The Swedish Book Review 2002 Supplement is dedicated to translation.
The Guest Editor is Sarah Death.

The notes on contributors to this supplement, which were inadvertently omitted from the printed journal owing to a printers' error, can be found here.

Susan Bassnett — Translation as Continuity
  Susan Bassnett investigates how translation — and attitudes to it — have changed over the ages. Quoting evidence from a wide range of sources, languages and periods, she discusses the importance of translation in the modern age, the insularity of the English-speaking world and the effect this has on the translation of minority languages, and the prospects for the future.
Harry Potter CoverLena Fries Gedin — Dunkare, Klonken och den gyllene Kvicken: translating the Harry Potter phenomenon into Swedish

Sarah Death interviews Lena Fries Gedin about her experience of translating the Harry Potter books into Swedish.

Complete text of interview

Linda Schenck and Sarah DeathLinda Schenck and Sarah Death — Women and the City in English for all readers? The trials and rewards of transatlantic cooperation

Linda Schenck and Sarah Death discuss the issues raised by translating for the UK and US markets during their work on Kerstin Ekman's tetralogy Women and the City.

Peter Graves — Harry Martinson's 'Pigor': Reconstructing the translation process

Peter Graves attempts a reconstruction of the thought processes that went on while he was translating Harry Martinson's poem 'Pigor', outlining his approach to a range of problems facing the translator in general, and the translator of poetry in particular.
Anna PatersonAnna Paterson — The Swedish foreign correspondent: translating Richard Swartz

Anna Paterson recounts her experiences of translating Svenska Dagbladet Central Europe correspondent Richard Swartz, showing how his journalism has influenced his other writing.
Carl LinnaeusLinda Schenck — The translator as private eye: the uses of information technology for the language detective

Linda Schenck shows how information technology helped with a terminological puzzle raised by her work on translating a book about Carl Linnaeus, the "father of taxonomy".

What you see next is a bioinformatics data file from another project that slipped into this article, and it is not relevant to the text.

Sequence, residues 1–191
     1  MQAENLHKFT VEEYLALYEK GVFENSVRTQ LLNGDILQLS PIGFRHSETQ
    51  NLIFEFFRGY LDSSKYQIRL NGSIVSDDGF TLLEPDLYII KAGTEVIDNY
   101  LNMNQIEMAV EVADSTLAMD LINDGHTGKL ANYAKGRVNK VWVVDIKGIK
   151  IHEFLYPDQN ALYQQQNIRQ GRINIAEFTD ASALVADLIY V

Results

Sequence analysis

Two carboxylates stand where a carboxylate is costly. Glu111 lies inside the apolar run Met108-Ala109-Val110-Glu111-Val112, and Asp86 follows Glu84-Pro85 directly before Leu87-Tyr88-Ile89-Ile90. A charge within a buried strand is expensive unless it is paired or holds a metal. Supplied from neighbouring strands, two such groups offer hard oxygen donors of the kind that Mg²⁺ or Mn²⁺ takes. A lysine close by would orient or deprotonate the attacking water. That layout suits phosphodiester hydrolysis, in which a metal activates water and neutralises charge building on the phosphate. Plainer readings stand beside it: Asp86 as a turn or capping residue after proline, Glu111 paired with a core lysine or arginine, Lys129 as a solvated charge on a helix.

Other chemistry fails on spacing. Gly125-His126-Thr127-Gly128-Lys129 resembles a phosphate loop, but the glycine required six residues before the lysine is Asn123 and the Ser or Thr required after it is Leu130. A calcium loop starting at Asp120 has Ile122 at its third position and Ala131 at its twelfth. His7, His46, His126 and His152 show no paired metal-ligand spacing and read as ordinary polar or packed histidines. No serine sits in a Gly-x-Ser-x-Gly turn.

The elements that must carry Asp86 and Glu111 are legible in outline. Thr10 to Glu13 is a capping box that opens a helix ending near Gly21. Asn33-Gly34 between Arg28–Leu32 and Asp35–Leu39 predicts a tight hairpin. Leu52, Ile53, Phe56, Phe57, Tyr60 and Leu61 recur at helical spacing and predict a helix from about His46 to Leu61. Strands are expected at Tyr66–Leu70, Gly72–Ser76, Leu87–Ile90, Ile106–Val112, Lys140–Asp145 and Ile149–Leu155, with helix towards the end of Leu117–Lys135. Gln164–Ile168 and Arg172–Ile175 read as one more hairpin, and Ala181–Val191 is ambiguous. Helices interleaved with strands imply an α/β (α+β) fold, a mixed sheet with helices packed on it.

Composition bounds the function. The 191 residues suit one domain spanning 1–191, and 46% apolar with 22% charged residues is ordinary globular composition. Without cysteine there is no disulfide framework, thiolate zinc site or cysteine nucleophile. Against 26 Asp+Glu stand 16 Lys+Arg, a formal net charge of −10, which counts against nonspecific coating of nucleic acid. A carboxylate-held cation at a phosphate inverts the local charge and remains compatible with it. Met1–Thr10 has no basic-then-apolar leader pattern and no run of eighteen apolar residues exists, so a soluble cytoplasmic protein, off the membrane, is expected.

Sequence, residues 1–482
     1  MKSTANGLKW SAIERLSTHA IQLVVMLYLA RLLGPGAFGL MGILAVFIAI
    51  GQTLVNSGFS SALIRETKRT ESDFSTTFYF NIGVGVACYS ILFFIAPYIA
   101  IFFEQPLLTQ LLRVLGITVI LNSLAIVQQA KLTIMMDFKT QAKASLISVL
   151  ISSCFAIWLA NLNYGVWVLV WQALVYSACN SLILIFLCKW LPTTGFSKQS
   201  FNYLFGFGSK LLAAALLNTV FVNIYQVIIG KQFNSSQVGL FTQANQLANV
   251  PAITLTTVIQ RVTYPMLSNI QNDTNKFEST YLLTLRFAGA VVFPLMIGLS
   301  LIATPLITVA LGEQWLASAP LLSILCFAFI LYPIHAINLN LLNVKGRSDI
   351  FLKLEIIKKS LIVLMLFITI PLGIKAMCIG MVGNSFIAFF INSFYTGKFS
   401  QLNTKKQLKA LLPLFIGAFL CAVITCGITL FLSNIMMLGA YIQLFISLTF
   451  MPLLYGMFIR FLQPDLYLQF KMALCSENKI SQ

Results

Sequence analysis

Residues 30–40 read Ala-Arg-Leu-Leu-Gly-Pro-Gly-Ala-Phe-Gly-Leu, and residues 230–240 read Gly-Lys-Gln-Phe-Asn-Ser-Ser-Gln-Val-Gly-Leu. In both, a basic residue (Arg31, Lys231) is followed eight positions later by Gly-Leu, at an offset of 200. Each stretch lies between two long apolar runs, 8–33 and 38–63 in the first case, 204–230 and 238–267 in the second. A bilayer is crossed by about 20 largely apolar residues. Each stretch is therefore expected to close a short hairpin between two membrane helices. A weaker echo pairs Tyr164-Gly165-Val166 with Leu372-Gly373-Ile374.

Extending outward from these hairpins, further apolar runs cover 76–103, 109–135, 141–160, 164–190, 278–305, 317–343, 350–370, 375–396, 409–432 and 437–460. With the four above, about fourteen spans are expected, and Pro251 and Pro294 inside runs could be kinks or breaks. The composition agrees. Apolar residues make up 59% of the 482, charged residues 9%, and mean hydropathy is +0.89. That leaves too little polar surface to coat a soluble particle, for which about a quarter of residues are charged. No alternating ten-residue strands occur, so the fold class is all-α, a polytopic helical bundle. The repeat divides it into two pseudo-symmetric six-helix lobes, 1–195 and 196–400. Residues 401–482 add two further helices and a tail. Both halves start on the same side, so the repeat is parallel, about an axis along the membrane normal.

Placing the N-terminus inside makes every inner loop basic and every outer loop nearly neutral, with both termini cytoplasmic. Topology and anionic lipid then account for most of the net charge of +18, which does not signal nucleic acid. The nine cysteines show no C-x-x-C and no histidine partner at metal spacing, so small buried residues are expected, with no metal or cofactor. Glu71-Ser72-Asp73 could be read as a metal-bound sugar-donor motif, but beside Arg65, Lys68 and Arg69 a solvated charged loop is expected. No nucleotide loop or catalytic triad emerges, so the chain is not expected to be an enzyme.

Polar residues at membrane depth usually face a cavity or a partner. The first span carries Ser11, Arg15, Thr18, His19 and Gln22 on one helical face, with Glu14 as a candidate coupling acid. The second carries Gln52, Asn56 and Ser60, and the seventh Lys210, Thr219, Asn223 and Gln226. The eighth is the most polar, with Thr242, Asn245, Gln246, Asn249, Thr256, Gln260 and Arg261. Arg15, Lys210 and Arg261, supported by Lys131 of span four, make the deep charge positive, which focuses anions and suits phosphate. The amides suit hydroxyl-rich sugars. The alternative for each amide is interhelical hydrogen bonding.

Complete text of article
MasksAnn Henning Jocelyn — Beyond words: Translating for the theatre

Ann Henning Jocelyn highlights the specific difficulties in translating for the theatre, concentrating on her work in translating Swedish plays into English.
Irene Scobbie — On translating Carola Hansson's Steinhof

Irene Scobbie discusses her experience of translating Carola Hansson's novel Steinhof, showing how she dealt with standard issues facing the translator and with less expected problems.
Alan Shelston — Mary Howitt, translator of Fredrika Bremer

Alan Shelston provides a historical overview of the work and translation techniques of Frederika Bremer's English translator, Mary Howitt.
Ingrid Eng-Rundlöw — Captured. A tour through the world of subtitling

Ingrid Eng-Rundlöw introduces readers to the particular problems involved in the techniques of subtitling, showing that it is a form of translation requiring both technical expertise and artistic imagination.
Elisabeth Seth — Swedish Institute support for translators

Elisabeth Seth, co-ordinator of translator support at the Swedish Institute in Stockholm, outlines ways in which the SI provides help and assistance to translators working from Swedish into other, non-Scandinavian languages.
Catherine Fuller — European translation centres

Catherine Fuller, co-ordinator of the British Centre for Literary Translation, outlines the work of the centre and its relationship with the International European Network of Translation Centres (RECIT).
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